In a letter to the magistrate Macedonius (Letter No. 153), who apparently complains about the episcopate penchant for urging clemency in punishment of crimes, St. Augustine clearly supports the power of punishment in the State, including the death penalty:

Nor does it follow that the power of the sovereign, the judge's right over life and death, the executioner's instruments of torture, the weapons of the solider, the discipline of the ruler, and the severity of a good father were instituted to no avail. All these have their limits, causes, reasons, and utility.

Nec ideo sane frustra instituta sunt potestas regis, ius gladii cognitoris, ungulae carnificis, arma militis, disciplina dominantis, severitas etiam boni patris. Habent ista omnia modos suos, causas, rationes, utilitates.

Letter to Macedonius, 153.6.16.

This view is carried over into St. Augustine's great work, The City of God.
However, there are some exceptions made by the divine authority to its own law, that men may not be put to death. These exceptions are of two kinds, being justified either by a general law, or by a special commission granted for a time to some individual. And in this latter case, he to whom authority is delegated, and who is but the sword in the hand of him who uses it, is not himself responsible for the death he deals. And, accordingly, they who have waged war in obedience to the divine command, or in conformity with His laws, have represented in their persons the public justice or the wisdom of government, and in this capacity have put to death wicked men; such persons have by no means violated the commandment, "You shall not kill."

Quasdam vero exceptiones eadem ipsa divina fecit auctoritas, ut non liceat hominem occidi. Sed his exceptis, quos Deus occidi iubet sive data lege sive ad personam pro tempore expressa iussione, (non autem ipse occidit, qui ministerium debet iubenti, sicut adminiculum gladius utenti; et ideo nequaquam contra hoc praeceptum fecerunt, quo dictum est: Non occides, qui Deo auctore bella gesserunt aut personam gerentes publicae potestatis secundum eius leges, hoc est iustissimae rationis imperium, sceleratos morte punierunt.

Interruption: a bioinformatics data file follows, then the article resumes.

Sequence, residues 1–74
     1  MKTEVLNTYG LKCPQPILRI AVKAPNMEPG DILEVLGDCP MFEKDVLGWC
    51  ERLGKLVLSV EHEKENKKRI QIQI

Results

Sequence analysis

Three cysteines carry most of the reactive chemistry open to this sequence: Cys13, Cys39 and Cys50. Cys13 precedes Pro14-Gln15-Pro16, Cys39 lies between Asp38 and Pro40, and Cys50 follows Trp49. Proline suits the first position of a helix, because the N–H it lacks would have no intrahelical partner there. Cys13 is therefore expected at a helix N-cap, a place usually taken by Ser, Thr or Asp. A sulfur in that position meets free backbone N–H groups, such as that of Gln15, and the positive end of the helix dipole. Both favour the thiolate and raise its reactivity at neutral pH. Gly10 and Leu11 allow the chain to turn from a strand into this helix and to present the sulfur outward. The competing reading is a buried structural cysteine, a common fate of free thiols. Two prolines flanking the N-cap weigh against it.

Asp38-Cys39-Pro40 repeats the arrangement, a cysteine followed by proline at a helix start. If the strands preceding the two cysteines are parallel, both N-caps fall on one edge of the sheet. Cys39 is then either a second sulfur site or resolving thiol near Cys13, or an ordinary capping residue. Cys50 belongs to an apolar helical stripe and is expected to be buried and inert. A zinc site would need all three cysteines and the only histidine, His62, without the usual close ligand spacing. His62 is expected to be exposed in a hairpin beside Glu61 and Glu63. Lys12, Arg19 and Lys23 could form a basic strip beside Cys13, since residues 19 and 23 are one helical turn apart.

De civ. Dei, I.21.

It cannot be questioned that St. Augustine supported the doctrine that the legitimate authority had the power to put a malefactor to death for a serious crime. It was an exception to the Fifth Commandment, part of the natural law as revealed in the Old and New Testaments, and the magistrate or judge exercising that authority justly and in accordance with law was not in any way in mortal sin. St. Augustine was comfortably within the Christian tradition in handing this teaching down. If it is true, as Jaroslav Pelikan said, that Western theology is nothing but a "series of footnotes to Augustine," then we might expect the Roman Catholic Church to have carried this doctrine within its bosom. And she did.

That much is certain. But, as we shall see in the next post, that is not the whole story.